Cruce Tectum

Cruce tectum, hidden under the cross, a blog for Epiphany Lutheran Church, Dorr, Michigan

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Sunday, July 13, 2008

Ninth Sunday after Pentecost

Ninth Sunday after Pentecost (A)
July 13, 2008
Text: Matt. 13:1-9, 18-23

Jesus is careless when it comes to sowing His seed. The seed is His Word, and He sows it haphazardly, without regard to the quality of the soil. He even sows upon the path, and upon the rocky ground, and among the thorns, which is to say, He sows His Word in hearts that He knows will not receive it, or may receive it immediately with joy, but eventually reject it. And this is just another splendid example of Jesus’ mercy and His love. In His mercy and love, He is generous with the seed of His Word, generous to a fault! He does not desire the death of a sinner, but that the sinner turn from his evil ways and live (Ezekiel 33:11). He desires repentance and faith. And these only come about by the Word. So Jesus sows, generously, recklessly, not just on the good soil, but on all the soil, trusting the promise of His Father, “For as the rain and the snow come down from heaven and do not return there but water the earth, making it bring forth and sprout, giving seed to the sower and bread to the eater, so shall my word be that goes out from my mouth; it shall not return to me empty, but it shall accomplish that which I purpose, and shall succeed in the thing for which I sent it” (Is. 55:10-11; ESV). Jesus knows that the seed of the Word will always produce a crop, will always do what God intends, for it is living and active. The Word of God is never empty or meaningless, even if it appears to be so to our fallen eyes. The Word is performative. It always does what it says. And this same Word of God is the vehicle of the Holy Spirit. Through the Word the Holy Spirit conquers hearts. Through the Word the Holy Spirit admonishes, converts, strengthens, preserves His people in the faith. Through the Word the Holy Spirit calls, gathers, enlightens, and sanctifies the whole Christian Church on earth and keeps it with Jesus Christ in the one true faith. So the Church of the Augsburg Confession has always confessed on the basis of the Scriptures that through His holy Word, and the visible manifestations of that Word, the Sacraments, God “gives the Holy Spirit, who works faith, when and where he pleases, in those who hear the Gospel.”[1]

That is why Jesus is so reckless in His sowing. The Word brings the Holy Spirit, who works faith. Notice, this doesn’t mean that everyone who hears the Word comes to faith. The Holy Spirit works faith when and where He pleases in those who hear the Gospel. And ultimately, we can’t answer that question that has dogged Christians for centuries, “Why do some believe, and others not? Why are some saved, and others not?” All we can say is what the Scriptures say, that if you come to faith, God gets all the credit, all the glory, because this is the Holy Spirit working through the Word. But if you do not come to faith, or if you lose your faith and find yourself in hell in the end, this is your own fault. The Scriptures nowhere state that God eternally predestines some to hell. He only predestines to heaven, and this on account of Christ. It’s not His fault when some are damned. He does not desire their eternal death, but that they repent, turn from their evil ways and live. Nor is there anything in any man, woman, or child that makes that person worthy of faith and salvation, and certainly not more worthy of salvation than their lost neighbor. No one, in and of themselves, is good soil. It is by God’s pure grace, and in His unsearchable wisdom, that He calls you to faith by His Holy Spirit, that the seed of His Word takes root in you and grows and brings forth much fruit. And this is cause for you to give thanks and rejoice and bask in the pure mercy of God.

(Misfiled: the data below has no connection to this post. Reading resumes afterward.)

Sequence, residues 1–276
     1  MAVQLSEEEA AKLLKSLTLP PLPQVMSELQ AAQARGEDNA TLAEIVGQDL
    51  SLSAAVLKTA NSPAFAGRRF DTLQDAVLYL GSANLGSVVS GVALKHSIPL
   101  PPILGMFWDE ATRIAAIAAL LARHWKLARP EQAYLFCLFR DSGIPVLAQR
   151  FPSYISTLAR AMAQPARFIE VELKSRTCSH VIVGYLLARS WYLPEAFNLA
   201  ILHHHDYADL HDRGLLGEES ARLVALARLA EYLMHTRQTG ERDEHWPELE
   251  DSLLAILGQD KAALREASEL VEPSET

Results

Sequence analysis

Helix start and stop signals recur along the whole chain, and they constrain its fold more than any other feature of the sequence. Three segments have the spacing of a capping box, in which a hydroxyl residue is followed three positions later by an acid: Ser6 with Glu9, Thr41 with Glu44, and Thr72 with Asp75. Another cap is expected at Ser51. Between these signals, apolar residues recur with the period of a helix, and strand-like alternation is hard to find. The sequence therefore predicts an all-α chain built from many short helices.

So how is man at fault if he is lost? The soils in the parable are the hearts of men. The seed that falls upon the path is immediately devoured by birds. When the seed of the Word falls upon the hearts of men who do not understand, do not perceive the powerful Word that Jesus has sown so generously, the evil one, the enemy, the devil, comes along and snatches away what has been sown in the heart (Matt. 13:4, 19). These are people who immediately dismiss the Word of God, reject it, have no room even to consider Jesus. Their hearts and minds and ears are closed. So Satan makes quick work of snatching the Word away so that the heart can continue in unbelief.

Jesus also sows on the rocky ground. This is a different type of soil. Here the Word is sown and the seed immediately germinates. A plant springs to life. But there is no room for a root system. When the sun rises, it scorches the plant, so that it withers away into nothing (vv. 5-6, 20-21). These are people who hear the Word with great joy in the beginning. They are among the most zealous for the faith at first. But Christianity is just a novelty for them, soon to be cast aside. They are enthusiastic in the beginning, but they have no root. Perhaps they have a real faith in the beginning, but that faith is not nourished by the Word and the sacraments, and so it is very weak. Or perhaps they ultimately trust in themselves and not in Jesus Christ. Perhaps they have put their faith, not in Jesus, but in their faith. Faith in faith is no faith at all, because then faith becomes a work on our part. Such faith does not stand the test of time and trial. When tribulation or persecution come on account of the Word, when it’s no longer easy or fun to follow Jesus, when Jesus demands that His disciple take up his cross and follow all the way to Golgotha, such faith withers and dies.